Australia, EU and others suspend 737 MAX 8s following Ethiopian Airlines crash
Australia, the European Union and other jurisdictions have indefinitely banned the Boeing 737 MAX 8 airliner from their airspace, following a second fatal crash within five months.
On Sunday a new Ethiopian Airlines 737 MAX 8 crashed en route from Addis Ababa to Nairobi, killing all 157 crew and passengers on board.
Investigators are looking for similarities between the Ethiopian Airlines crash and that of a Lion Air MAX 8 that crashed in Indonesia, killing 189 people after departing Jakarta in October.
On Tuesday night the Australian Civil Aviation Safety Authority (CASA) suspended the operation of MAX 8 aircraft on inbound and outbound flights.
No Australian airlines operate the model, but Fiji Airways and Singapore-based SilkAir use the MAX 8 on flights to Australia.
“This is a temporary suspension while we wait for more information to review the safety risks of continued operations of the Boeing 737 MAX to and from Australia,” said CASA CEO and Director of Aviation Safety Shane Carmody.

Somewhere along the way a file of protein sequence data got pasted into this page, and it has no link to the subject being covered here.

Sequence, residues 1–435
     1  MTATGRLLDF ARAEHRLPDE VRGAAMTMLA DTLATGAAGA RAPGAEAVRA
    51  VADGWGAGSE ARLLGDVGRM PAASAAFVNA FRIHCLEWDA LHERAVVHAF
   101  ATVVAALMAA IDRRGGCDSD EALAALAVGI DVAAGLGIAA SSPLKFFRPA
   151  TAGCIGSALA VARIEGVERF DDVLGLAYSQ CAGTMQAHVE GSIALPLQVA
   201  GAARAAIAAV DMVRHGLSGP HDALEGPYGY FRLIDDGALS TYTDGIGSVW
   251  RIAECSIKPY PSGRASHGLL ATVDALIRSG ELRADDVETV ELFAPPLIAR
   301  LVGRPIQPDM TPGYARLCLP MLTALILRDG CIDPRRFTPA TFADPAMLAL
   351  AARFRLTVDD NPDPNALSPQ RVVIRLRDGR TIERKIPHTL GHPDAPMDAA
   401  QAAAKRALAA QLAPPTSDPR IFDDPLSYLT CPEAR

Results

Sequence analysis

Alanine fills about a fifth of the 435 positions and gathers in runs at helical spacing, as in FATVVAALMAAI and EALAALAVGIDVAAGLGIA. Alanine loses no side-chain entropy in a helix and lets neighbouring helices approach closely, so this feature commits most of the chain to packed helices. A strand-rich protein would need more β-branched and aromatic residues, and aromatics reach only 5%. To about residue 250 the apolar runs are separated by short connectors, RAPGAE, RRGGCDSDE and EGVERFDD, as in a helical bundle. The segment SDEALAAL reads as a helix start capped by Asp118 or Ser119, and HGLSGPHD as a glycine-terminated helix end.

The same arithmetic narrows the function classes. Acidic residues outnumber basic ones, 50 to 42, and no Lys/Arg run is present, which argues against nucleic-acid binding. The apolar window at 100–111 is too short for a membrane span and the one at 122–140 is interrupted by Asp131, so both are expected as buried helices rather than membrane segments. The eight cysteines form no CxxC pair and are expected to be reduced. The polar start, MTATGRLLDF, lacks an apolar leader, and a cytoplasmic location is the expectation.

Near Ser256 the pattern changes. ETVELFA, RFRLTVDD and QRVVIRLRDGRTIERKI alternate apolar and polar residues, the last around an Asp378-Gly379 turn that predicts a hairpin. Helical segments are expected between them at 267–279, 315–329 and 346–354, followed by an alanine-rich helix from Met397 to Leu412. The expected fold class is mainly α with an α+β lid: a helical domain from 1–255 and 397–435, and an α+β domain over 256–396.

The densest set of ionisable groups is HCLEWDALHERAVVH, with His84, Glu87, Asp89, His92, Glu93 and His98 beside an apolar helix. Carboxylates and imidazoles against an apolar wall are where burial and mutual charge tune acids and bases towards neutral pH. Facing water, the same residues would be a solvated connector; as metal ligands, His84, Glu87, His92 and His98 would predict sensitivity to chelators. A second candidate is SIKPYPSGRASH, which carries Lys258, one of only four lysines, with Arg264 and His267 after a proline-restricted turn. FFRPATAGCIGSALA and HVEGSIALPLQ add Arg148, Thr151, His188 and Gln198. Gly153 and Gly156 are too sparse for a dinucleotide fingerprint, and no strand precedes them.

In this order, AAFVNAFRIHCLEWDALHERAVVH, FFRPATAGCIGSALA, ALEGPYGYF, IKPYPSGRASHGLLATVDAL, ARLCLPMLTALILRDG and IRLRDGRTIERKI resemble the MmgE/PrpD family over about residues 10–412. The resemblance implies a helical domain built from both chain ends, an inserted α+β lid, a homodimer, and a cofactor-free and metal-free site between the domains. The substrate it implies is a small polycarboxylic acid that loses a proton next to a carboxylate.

“CASA regrets any inconvenience to passengers but believes it is important to always put safety first.”
China, India, Indonesia, Singapore, Malaysia and Oman have also banned all MAX planes from their airspace.
A number of EU members including the France, Germany, Ireland and the United Kingdom have separately suspended flights.
Boeing’s share price has fallen by a further 7% as airlines have grounded the planes, and pressure is mounting on the company to prove the planes are safe with 350 MAX 8s currently in service, and more than 5,000 on order.
Ethiopian Airlines, Turkish Airlines, Aerolíneas Argentinas, Aeromexico, Norway’s Air Shuttle, South Korea’s Eastar Jet, South Africa’s Comair, and many others have all suspended their flights.
However, United States-based carriers have continued to fly the planes, and the US Federal Aviation Authority has not banned MAX 8 flights over American airspace.
On Tuesday Boeing announced plans to upgrade the software in the jets in “the coming weeks”, saying the company had “been developing a flight control software enhancement for the 737 MAX, designed to make an already safe aircraft even safer”.
Investigators have suggested that the Lion Air crash in October last year may have been due to the pilots struggling with an automated anti-stall system that was a new feature of the jet.
It is not yet clear whether the anti-stall system was the cause of the Ethiopian Airways crash, and experts are not ruling out other technical issues or human error.
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